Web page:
On July 14, 2014, JC, a 46 year old housewife from Tewksbury got drunk. When her husband got home from work she attacked him ripping his shirt off and throwing things at him. He called 911. The police responded. Photographs were taken by the police of the husband and of his torn shirt. JC was arrested. This was her second arrest for assaulting her husband. In 2013 she had been arrested and charged with domestic assault & battery by means of a dangerous weapon. In the 2013 case JC retained Attorney Robert Lewin and Attorney Lewin was successful in getting that case dismissed. Following her arrest she was brought to the Tewksbury Police Station; she was booked and held for court. JC again retained Attorney Robert Lewin. JC was arraigned and released and her case continued for a pre-trial hearing. Attorney Lewin met with JC’s husband and he agreed to exercise his marital privilege. In Massachusetts a spouse (husband or wife) may refuse to testify against their spouse at a criminal trial. The marital privilege only applies to testifying at a criminal trial. JC and Attorney Lewin appeared at Lowell District Court for the pre-trial hearing. JC’s husband was present at the pre-trial hearing and was prepared to exercise his marital privilege at the pre-trial hearing. The Judge ruled that the privilege could only be exercised at the trial and the case was continued to October 3, 2014 for trial.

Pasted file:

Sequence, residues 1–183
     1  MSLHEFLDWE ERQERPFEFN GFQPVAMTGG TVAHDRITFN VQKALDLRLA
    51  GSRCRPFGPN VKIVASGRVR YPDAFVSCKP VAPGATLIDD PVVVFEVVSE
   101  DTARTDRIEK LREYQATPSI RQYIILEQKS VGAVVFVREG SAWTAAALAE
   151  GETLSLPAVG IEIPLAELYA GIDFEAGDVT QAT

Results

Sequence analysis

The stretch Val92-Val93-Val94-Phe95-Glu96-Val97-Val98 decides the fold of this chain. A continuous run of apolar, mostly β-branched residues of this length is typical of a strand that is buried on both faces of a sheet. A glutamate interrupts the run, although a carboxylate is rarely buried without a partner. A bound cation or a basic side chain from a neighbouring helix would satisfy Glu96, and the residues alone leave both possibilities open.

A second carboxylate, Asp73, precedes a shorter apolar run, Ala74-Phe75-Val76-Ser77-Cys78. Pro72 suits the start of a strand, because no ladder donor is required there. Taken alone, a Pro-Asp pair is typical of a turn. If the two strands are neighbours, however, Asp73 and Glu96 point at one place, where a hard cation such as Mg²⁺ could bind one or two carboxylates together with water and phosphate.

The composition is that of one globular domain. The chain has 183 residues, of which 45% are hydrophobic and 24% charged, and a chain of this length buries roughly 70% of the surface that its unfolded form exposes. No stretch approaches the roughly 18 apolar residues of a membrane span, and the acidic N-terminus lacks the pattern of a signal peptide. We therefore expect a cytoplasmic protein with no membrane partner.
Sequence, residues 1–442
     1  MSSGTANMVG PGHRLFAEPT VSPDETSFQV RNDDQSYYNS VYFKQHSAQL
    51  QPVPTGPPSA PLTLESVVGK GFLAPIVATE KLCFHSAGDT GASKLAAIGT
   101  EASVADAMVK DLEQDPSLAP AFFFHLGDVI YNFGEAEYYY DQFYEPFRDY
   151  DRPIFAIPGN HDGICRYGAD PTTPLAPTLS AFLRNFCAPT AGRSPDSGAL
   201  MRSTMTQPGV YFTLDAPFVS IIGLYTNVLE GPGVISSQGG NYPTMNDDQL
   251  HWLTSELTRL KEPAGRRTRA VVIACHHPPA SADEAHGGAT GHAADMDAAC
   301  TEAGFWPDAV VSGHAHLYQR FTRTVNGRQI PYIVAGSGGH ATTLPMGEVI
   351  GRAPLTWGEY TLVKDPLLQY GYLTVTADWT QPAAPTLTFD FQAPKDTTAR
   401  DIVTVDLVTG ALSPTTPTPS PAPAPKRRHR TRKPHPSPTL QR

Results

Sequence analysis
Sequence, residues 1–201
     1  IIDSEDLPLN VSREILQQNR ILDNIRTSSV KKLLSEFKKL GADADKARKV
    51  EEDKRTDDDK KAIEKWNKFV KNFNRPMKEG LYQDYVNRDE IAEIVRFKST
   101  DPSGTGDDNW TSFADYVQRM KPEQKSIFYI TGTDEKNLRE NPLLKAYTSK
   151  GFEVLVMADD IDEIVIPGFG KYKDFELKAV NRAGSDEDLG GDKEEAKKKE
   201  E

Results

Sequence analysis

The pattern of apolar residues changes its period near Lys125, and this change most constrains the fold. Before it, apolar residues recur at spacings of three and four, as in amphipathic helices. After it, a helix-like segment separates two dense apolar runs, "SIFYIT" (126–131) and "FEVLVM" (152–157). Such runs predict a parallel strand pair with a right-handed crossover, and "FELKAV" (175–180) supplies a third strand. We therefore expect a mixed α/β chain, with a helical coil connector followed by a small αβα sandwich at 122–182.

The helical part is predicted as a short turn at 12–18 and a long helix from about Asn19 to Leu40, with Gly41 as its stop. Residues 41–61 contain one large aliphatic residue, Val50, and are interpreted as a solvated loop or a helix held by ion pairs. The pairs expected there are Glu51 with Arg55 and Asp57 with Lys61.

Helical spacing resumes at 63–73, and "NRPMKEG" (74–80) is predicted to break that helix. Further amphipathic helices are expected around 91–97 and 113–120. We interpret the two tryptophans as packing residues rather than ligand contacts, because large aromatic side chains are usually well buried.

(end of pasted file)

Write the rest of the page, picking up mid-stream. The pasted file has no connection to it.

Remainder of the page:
On October 3, 2014 JC and Attorney Lewin appeared at Lowell District Court; the case was called and Attorney Lewin answered ready for trial. JC’s husband was present and was called forward. He exercised his marital privilege and the privilege was accepted by the trial judge (who happened to be the same judge who had refused to accept the privilege at the pre-trial hearing). The Assistant District Attorney stated that without the husband’s testimony the Commonwealth did not have sufficient evidence to prosecute the case and the case was dismissed. In this case there was a recording of the 911 call made by JC’s husband to the Tewksbury Police Department. In that recording the husband tells the police that he had been attacked by his wife, that she had ripped his shirt off, and that this had happened before. Normally speaking, 911 recordings are not admissible; they are hearsay evidence. One of the exceptions to the hearsay rule is that if the 911 call contains an excited utterance or if the statements made to the police are made for the purpose of quelling an ongoing emergency situation or for the purpose of determining if a person is in need of medical care then the contents of the 911 call are admissible at trial and can be used as evidence against the accused. Attorney Lewin prepared a lengthy and detailed Motion to Exclude the contents of the 911 Recording. The District Attorney agreed with Attorney Lewin’s analysis of the law and thus the Commonwealth did not go forward with the trial. JC was very fortunate that her husband did not want to go forward and she was fortunate that Attorney Lewin was able to convince the DA that the contents of the 911 call would not be admitted at trial; for the second time she walked out of the Lowell District Courthouse a free woman.

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